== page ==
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Salmon Wild Sockeye Fillet

Product #: 11136F

Scientific Name: Oncorhynchus nerka

Country of Origin: USA

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Catch Info:

  • Method: Seiners

Description:

Sockeye salmon undertake some of the longest upriver spawning migrations, giving them a very high content of oil and omega 3 fats and a dark red flesh. They are often called red salmon when canned. Sockeye take well to a variety of preparations including grilling.

Sockeye salmon are found in the northern Pacific Ocean from Japan, through the Bering Sea, and down the west coast of the U.S. to southern California. Sockeye salmon are not farmed.

In the U.S. salmon fisheries are well managed. Alaska's fisheries are the healthiest, due to a long history of conservation-based regulations and healthy riverine habitats supporting reproduction. Stock assessments are conducted in season based on individual populations in individual areas. No stocks are known to be depleted and when stocks are found to be below target levels rebuilding plans are quickly implemented. Each population is managed to ensure enough fish have passed through an area on their way upstream to spawn (called escapement) before harvest is allowed. Alaska also has a large hatchery program that raises juveniles in captivity then releases them to support the wild population and wild fisheries. Salmon populations harvested in the contiguous Pacific states (CA, OR, and WA) are very well managed, but some populations are extremely depleted, some to the point where they are in danger of extinction, because of the loss of freshwater spawning habitat and migration routes due to urbanization and damming of rivers. This has made management of salmon for sustainability extremely difficult because populations cannot be protected or rebuilt by only limiting fishing pressure. Instead, management for such threatened or endangered species is designed to stabilize the populations until habitats can be restored. Stocks of salmon that are still healthy are fished in a sustainable manner. Gear types vary by area, but none of the gear types have much impact on the surrounding ecosystem and bycatch is low and well monitored.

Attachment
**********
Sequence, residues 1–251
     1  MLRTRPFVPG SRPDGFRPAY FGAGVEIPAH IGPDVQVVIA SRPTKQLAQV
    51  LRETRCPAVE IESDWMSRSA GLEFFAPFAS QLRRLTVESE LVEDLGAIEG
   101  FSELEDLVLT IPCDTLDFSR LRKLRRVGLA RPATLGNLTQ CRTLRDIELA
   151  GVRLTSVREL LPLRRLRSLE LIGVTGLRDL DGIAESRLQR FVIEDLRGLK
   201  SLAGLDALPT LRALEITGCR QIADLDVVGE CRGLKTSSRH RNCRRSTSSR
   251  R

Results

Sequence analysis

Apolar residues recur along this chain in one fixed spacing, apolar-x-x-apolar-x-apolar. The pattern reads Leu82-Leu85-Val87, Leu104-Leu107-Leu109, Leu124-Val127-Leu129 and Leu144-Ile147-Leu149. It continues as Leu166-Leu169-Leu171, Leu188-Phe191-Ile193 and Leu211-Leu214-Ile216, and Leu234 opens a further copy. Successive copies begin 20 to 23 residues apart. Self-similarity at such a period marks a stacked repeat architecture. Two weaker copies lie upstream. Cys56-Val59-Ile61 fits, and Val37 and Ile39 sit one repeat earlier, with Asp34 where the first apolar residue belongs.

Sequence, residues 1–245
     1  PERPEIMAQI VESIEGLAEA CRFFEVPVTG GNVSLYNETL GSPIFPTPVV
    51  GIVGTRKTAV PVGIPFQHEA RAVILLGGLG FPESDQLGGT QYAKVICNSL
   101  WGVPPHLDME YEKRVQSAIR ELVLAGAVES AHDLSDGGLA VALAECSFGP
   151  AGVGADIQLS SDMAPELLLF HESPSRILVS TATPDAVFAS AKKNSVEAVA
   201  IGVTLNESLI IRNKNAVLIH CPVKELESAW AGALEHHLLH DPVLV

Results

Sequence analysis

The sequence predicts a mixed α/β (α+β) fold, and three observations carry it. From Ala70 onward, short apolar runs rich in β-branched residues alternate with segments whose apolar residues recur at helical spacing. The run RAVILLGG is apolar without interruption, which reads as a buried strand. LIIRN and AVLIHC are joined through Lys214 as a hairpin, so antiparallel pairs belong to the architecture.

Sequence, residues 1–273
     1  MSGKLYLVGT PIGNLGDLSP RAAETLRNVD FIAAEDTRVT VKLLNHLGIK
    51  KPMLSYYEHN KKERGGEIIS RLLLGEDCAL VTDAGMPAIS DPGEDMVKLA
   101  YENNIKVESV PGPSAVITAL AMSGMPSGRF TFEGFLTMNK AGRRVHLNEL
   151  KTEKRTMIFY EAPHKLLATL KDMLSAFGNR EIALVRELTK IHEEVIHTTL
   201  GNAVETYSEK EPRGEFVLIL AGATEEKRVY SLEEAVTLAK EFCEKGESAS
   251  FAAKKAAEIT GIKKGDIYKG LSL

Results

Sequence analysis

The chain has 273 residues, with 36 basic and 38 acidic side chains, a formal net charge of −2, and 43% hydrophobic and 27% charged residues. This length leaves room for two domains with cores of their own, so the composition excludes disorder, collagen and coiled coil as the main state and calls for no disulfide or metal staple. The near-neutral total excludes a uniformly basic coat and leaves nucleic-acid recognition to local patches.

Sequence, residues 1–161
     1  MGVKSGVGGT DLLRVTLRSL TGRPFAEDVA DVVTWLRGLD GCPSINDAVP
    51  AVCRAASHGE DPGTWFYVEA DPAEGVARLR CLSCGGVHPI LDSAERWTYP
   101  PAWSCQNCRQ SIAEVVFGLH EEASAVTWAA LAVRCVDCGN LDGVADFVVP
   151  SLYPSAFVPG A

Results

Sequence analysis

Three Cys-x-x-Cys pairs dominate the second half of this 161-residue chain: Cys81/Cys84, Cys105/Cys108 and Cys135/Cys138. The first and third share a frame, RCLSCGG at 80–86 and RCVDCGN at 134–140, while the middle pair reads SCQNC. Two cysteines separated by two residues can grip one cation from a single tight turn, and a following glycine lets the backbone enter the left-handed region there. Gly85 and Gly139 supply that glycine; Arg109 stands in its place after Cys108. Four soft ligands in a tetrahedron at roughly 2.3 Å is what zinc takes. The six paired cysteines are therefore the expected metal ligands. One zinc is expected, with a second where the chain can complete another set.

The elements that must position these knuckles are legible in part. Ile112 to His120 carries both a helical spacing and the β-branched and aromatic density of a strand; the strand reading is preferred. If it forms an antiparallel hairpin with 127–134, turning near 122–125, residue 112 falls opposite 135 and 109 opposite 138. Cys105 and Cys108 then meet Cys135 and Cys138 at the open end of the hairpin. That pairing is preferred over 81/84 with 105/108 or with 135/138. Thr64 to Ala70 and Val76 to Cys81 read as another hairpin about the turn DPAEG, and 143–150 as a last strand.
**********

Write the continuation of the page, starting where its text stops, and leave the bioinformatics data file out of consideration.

External Links:

NOAA
Environmental Defense Fund


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